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Published: 27th April 2023 | In: Insights, News

For Renfrewshire Council, situated in central, west Scotland, cyber security is about people and partnerships first and foremost. Technology simply provides the tools for people to collaborate to protect its assets and data, and minimise risk. How partners work together on all levels is crucial to strengthening the cyber security posture for the Council which, like all public sector bodies, needs to continuously defend itself against today’s threats and any that are just over the horizon.

Renfrewshire Council’s cyber security partnership with Quorum Cyber has grown from strength to strength since it began in 2019. Then, all Local Authorities in the UK needed to complete an annual Public Services Network (PSN) compliance health check, which consisted of vulnerability management and penetration testing among other assessments. Originally seeking professional support to pass their PSN health check, Quorum Cyber have since successfully tendered for more one-off engagements including advisory services.

Growing and learning together

Collaboration on projects has worked well, with both sides contributing and learning from each other along the journey and culminated in Renfrewshire Council partnering with Quorum Cyber when they tendered for a Security Operations Centre (SOC) team to monitor and protect their IT estate and multi-cloud environment around the clock. Quorum Cyber implemented the Microsoft Sentinel Managed Detection and Response (MDR) service in September 2022. The SOC team runs the MDR service 24 hours a day, 365 days a year to provide comprehensive protection and peace of mind.

From day one of the relationship, the Council was clear that it wasn’t interested in a simple transactional service; it wanted to extend its security team to exchange ideas and knowledge, develop its own services and grow together with a partner it could trust and call upon at any time should a cyber security incident occur. They were attracted by Quorum Cyber’s fresh, honest approach to cyber security.

“Price is never the driving factor when it comes to security partners,” says Carol Peters, Cyber Security Architect at Renfrewshire Council. “It was important for us to join up with a company that was going to be a true partner and we wanted an interactive one that could react fast when necessary.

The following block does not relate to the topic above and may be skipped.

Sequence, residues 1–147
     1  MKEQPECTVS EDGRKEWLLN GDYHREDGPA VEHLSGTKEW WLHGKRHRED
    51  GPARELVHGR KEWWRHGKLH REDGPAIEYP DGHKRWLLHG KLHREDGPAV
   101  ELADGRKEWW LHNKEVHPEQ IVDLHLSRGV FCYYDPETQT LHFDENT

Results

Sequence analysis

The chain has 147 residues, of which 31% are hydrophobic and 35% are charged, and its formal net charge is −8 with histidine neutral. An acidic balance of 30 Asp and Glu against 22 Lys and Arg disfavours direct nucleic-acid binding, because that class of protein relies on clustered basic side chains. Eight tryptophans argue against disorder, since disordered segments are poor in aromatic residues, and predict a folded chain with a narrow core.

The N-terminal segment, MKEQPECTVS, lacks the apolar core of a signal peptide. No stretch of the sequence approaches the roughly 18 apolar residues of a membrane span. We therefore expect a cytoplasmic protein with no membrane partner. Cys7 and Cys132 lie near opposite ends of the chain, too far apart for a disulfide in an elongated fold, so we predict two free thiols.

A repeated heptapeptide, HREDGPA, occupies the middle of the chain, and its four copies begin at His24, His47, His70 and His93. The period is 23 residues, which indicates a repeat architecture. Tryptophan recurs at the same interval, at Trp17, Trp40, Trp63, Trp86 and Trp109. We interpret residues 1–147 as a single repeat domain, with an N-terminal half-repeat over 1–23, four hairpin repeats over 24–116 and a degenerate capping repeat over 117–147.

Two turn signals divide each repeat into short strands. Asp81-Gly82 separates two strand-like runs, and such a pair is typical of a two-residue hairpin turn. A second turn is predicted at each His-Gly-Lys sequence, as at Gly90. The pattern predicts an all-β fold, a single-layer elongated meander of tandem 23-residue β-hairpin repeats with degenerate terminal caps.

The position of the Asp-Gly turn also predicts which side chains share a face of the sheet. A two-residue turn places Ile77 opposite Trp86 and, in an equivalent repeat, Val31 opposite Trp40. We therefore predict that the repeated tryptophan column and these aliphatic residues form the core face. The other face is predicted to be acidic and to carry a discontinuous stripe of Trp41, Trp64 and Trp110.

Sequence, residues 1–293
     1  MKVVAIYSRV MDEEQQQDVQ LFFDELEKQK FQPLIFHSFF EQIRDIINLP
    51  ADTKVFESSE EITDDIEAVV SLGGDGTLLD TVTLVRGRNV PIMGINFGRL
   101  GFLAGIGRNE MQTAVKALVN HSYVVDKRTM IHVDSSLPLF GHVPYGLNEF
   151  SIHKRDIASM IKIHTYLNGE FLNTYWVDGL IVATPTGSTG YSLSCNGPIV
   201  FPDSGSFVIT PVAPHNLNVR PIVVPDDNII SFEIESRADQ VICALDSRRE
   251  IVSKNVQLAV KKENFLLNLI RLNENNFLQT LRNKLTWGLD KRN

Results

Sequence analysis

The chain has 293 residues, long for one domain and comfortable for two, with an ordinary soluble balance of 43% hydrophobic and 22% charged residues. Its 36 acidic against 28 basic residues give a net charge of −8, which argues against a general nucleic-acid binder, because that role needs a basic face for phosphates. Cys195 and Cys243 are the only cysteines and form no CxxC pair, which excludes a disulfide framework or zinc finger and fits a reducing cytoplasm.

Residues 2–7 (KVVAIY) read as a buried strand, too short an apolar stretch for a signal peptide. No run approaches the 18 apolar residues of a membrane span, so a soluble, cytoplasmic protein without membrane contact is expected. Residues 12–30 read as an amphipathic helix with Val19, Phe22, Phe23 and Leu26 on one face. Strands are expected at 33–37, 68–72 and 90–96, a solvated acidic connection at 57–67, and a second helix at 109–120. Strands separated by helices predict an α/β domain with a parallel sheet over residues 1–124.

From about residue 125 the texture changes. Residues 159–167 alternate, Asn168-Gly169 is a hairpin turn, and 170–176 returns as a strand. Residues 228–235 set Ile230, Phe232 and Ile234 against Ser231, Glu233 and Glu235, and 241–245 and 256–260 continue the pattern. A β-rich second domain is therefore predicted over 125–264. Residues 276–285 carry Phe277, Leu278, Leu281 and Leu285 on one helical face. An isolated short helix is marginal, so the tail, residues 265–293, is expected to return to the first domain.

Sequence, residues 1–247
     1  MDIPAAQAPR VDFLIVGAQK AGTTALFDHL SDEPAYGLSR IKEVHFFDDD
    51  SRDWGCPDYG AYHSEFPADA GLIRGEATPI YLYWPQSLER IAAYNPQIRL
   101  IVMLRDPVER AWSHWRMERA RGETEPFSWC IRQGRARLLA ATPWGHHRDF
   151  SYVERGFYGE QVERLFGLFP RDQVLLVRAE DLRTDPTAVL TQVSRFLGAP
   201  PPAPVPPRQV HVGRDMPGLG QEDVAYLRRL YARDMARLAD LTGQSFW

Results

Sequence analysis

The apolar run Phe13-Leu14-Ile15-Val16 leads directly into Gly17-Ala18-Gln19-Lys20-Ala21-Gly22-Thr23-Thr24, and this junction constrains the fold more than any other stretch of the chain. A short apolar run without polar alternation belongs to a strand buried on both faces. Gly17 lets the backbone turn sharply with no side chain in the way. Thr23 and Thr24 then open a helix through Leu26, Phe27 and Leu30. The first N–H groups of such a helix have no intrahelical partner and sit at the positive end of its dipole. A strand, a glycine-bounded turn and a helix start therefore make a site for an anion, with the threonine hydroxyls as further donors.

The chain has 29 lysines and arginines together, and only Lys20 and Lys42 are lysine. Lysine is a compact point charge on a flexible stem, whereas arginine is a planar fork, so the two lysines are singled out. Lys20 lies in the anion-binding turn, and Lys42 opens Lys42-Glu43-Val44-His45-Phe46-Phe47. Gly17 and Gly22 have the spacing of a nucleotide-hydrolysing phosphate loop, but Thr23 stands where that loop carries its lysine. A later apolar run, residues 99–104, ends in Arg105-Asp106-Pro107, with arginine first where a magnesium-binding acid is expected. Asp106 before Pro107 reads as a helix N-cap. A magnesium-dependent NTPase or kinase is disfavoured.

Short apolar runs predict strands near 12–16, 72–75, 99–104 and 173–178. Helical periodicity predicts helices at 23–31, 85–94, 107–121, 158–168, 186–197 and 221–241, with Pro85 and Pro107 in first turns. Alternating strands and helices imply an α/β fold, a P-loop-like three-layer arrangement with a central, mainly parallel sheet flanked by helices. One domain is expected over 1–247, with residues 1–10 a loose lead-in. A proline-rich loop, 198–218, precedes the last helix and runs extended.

“That partnership was essential for us and we’ve always had a very good relationship with Quorum Cyber. They are willing to help us deal with any incidents quickly, even if they are out of scope of the contract, or out of hours.”

Serving around 180,000 citizens in west, central Scotland, Renfrewshire Council needs to keep its physical and digital operations running for schools, medical centres, transport, businesses and the whole community, without interruption.

Cyber security is a business issue

The Council shares Quorum Cyber’s belief that cyber security isn’t really a technology issue, but a business issue where risk needs to be managed holistically. In the event of a sudden, damaging cyber-attack, systems and tools could be taken out of action at very short notice, or no notice – it’s then an urgent problem for the business.

“It’s important that cyber security is seen to be a business enabler and my cyber security strategy is aligned to the Council’s,” says Carol. “Quorum Cyber knows our architecture, they know us and our approach to cyber security.”

Protecting the whole community

As in any organisation, while building a strong cyber security posture is important, people are often the greatest asset, but only if they understand cybercrime. Employees need to be trained in how to spot phishing emails, maintain good cyber hygiene and stay safe online. One click on a malicious email could open the door to a breach which, in turn, could result in a ransomware attack later on.

This is why the Council is serious about cyber security education and training. The Council partnered with Get Safe Online, the UK’s leading internet safety organisation and in 2019, the Council launched Ren Safe Online to teach citizens and employees about threats on the internet. The Council was also the first in Scotland to launch the Get Safe Online Ambassador training programme, training volunteers about online safety and how to recognise when someone is at risk of harm due to online threats such as scams or bullying. Ultimately, the Council’s long-term partnership with Quorum Cyber is a joint operation about protecting families, children and essential community services, and people’s data, identities and finances.